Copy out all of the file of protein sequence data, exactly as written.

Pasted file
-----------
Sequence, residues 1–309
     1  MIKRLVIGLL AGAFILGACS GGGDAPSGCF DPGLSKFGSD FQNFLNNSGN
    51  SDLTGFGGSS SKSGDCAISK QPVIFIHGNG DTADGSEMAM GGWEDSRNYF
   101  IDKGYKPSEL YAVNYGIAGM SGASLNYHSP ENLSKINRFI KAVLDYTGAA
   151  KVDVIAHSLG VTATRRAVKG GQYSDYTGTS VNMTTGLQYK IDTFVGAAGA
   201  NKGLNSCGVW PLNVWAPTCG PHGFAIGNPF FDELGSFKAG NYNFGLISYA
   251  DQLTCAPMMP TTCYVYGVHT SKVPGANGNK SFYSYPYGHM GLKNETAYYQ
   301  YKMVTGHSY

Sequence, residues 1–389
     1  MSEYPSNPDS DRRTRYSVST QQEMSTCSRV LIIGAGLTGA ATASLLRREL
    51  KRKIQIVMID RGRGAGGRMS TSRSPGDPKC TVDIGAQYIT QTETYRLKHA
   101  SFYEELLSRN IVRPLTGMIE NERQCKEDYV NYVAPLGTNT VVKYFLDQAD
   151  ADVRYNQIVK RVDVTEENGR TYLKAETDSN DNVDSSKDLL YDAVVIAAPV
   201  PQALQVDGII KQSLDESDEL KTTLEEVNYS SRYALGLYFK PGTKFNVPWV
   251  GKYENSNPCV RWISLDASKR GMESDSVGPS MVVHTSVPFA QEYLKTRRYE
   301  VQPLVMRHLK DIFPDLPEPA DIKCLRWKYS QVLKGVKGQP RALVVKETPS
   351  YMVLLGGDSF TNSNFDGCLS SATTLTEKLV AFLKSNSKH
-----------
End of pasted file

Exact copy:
Sequence, residues 1–309
     1  MIKRLVIGLL AGAFILGACS GGGDAPSGCF DPGLSKFGSD FQNFLNNSGN
    51  SDLTGFGGSS SKSGDCAISK QPVIFIHGNG DTADGSEMAM GGWEDSRNYF
   101  IDKGYKPSEL YAVNYGIAGM SGASLNYHSP ENLSKINRFI KAVLDYTGAA
   151  KVDVIAHSLG VTATRRAVKG GQYSDYTGTS VNMTTGLQYK IDTFVGAAGA
   201  NKGLNSCGVW PLNVWAPTCG PHGFAIGNPF FDELGSFKAG NYNFGLISYA
   251  DQLTCAPMMP TTCYVYGVHT SKVPGANGNK SFYSYPYGHM GLKNETAYYQ
   301  YKMVTGHSY

Sequence, residues 1–389
     1  MSEYPSNPDS DRRTRYSVST QQEMSTCSRV LIIGAGLTGA ATASLLRREL
    51  KRKIQIVMID RGRGAGGRMS TSRSPGDPKC TVDIGAQYIT QTETYRLKHA
   101  SFYEELLSRN IVRPLTGMIE NERQCKEDYV NYVAPLGTNT VVKYFLDQAD
   151  ADVRYNQIVK RVDVTEENGR TYLKAETDSN DNVDSSKDLL YDAVVIAAPV
   201  PQALQVDGII KQSLDESDEL KTTLEEVNYS SRYALGLYFK PGTKFNVPWV
   251  GKYENSNPCV RWISLDASKR GMESDSVGPS MVVHTSVPFA QEYLKTRRYE
   301  VQPLVMRHLK DIFPDLPEPA DIKCLRWKYS QVLKGVKGQP RALVVKETPS
   351  YMVLLGGDSF TNSNFDGCLS SATTLTEKLV AFLKSNSKH